Savannah mayor responds to DA’s criticism of police investigations
SAVANNAH, Ga. (WTOC) - A WTOC investigation found there have been more plea deals this year than the past five years combined. Most of those deals included reduced charges and lighter sentences, including probation in several cases.
In a previous WTOC report, Chatham County District Attorney Shalena Cook Jones criticized Savannah Police Department investigators for a lack of evidence in a case.
“We found that perhaps there was more evidence that could have been obtained early on in the investigation, like the triangulation of phone records and that kind of information, and unfortunately that wasn’t done. That’s not the fault of the DA’s Office - that has to do with the investigators,” Jones said.
Savannah Mayor Van Johnson said he’s not interested in Jones’ excuses because she has the resources and support of the city. He also said it’s a topic he has already addressed with her.
“I need her to win because if she loses, we lose as a community, and I think I’ve done everything I can possibly do,” he said.
That includes sending a letter back in May to address any issues with Jones.
“Telling her if there are any of our officers impeding you from doing what you need to do. Let me know. I’ve never heard from her regarding that, so the fact that you’re telling me that is news to me,” Johnson said.
Jones blamed the Savannah Police Department for not providing more evidence in the murder case against Derek Gallop Jr. It’s one of the reasons she said her office cut a plea deal for manslaughter that allowed him to get out of jail and go home to serve the rest of his 20-year sentence on probation, despite his violent past.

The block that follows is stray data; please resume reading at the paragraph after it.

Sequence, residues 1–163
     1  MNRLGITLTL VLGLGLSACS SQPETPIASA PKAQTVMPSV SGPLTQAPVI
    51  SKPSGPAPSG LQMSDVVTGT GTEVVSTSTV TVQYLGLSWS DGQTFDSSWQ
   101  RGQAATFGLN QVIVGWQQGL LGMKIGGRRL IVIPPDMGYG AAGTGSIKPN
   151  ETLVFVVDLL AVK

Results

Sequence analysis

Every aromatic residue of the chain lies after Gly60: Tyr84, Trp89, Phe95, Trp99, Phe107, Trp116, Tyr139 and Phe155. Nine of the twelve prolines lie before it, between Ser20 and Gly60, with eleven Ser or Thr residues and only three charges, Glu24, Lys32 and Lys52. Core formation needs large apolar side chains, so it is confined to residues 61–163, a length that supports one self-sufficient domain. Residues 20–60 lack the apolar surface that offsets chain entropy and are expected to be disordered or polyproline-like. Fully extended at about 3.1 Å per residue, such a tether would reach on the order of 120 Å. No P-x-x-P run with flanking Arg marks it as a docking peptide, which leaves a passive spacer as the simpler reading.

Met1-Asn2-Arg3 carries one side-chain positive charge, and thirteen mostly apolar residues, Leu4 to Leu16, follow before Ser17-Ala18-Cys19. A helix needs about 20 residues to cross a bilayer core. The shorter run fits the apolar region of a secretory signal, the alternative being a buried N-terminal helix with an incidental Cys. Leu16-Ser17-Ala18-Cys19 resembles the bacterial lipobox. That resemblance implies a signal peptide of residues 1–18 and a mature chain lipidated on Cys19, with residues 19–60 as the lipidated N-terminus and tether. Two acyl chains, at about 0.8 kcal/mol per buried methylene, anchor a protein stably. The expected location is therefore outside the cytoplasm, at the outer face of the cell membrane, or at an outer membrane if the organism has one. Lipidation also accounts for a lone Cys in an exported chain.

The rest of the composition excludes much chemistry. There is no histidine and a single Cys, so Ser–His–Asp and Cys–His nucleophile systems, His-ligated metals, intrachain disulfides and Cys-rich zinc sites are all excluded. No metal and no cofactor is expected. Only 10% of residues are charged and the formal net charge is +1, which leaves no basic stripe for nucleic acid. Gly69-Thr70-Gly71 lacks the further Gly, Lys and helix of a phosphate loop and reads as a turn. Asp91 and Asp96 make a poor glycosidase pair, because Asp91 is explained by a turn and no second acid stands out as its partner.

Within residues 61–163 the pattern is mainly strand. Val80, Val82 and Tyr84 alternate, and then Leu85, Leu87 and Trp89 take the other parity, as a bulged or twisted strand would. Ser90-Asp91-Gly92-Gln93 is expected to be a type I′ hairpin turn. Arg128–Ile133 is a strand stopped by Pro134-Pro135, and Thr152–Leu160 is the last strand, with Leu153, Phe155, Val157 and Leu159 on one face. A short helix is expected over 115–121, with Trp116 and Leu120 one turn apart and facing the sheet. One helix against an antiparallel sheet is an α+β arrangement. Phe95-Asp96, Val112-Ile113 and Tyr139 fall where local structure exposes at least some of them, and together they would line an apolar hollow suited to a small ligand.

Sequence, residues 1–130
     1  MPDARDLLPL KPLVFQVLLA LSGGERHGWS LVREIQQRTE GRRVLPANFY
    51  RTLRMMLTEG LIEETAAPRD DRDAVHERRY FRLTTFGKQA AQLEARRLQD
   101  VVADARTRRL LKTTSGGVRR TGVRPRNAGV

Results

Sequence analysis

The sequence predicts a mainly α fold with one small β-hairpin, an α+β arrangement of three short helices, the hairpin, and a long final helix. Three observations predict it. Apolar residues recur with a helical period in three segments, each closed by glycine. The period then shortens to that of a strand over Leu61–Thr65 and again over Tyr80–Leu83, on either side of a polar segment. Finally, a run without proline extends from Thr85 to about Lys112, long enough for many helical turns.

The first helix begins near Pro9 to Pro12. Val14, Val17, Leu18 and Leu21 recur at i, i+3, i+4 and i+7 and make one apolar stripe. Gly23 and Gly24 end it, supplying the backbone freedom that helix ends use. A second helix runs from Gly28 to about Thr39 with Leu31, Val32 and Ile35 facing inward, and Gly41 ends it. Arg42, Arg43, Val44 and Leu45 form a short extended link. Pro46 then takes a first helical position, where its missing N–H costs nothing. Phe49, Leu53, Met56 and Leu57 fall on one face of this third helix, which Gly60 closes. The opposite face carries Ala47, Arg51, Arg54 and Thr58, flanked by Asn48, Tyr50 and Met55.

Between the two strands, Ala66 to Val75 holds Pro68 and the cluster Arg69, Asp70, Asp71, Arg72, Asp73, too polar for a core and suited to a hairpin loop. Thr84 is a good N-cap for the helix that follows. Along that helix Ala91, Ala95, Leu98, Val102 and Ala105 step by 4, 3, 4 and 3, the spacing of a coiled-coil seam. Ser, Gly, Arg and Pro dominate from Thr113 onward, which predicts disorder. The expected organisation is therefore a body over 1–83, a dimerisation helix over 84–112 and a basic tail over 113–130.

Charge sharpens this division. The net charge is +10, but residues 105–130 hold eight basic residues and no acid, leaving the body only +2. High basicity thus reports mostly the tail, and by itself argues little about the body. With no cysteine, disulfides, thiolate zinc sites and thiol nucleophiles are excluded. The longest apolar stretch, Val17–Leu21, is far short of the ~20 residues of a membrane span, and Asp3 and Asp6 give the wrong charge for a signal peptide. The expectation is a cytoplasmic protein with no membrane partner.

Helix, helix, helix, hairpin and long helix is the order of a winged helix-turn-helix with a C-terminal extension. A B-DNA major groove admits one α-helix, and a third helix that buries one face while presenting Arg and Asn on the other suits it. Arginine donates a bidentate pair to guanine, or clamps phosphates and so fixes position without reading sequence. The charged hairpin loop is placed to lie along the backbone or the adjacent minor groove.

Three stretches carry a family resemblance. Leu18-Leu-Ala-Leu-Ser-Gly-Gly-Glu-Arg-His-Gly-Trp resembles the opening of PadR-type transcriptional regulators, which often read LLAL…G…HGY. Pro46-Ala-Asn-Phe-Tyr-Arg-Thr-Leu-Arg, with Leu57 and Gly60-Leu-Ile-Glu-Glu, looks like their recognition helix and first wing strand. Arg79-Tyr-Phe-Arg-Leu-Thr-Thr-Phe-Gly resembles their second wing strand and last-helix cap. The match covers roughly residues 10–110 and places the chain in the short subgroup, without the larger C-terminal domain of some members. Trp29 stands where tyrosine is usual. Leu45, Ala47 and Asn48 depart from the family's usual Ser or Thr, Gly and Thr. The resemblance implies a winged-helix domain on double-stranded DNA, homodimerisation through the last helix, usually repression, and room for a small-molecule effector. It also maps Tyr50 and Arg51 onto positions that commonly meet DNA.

Johnson, who is a former Chatham County police officer and certified police instructor, said the way the system works is the police department does the preliminary investigation. And from there, hands over the case to the District Attorney’s office who has a team of investigators to assist. She can also ask the police department to do the work she needs done.
He said he sent the letter to Jones after he heard about issues with that process.
“To make sure that they were clear about our willingness to be a part of the solution, our willingness to help and my insistence that the city of Savannah wasn’t going to be a part of the problem. And if there was a problem, that I was going to go ahead and deal with it,” Johnson said. “I want to see people prosecuted that pull triggers in Savannah.”
The city’s recent hiring of a federal prosecutor is something the mayor hopes will add to the local prosecution of violent criminals.
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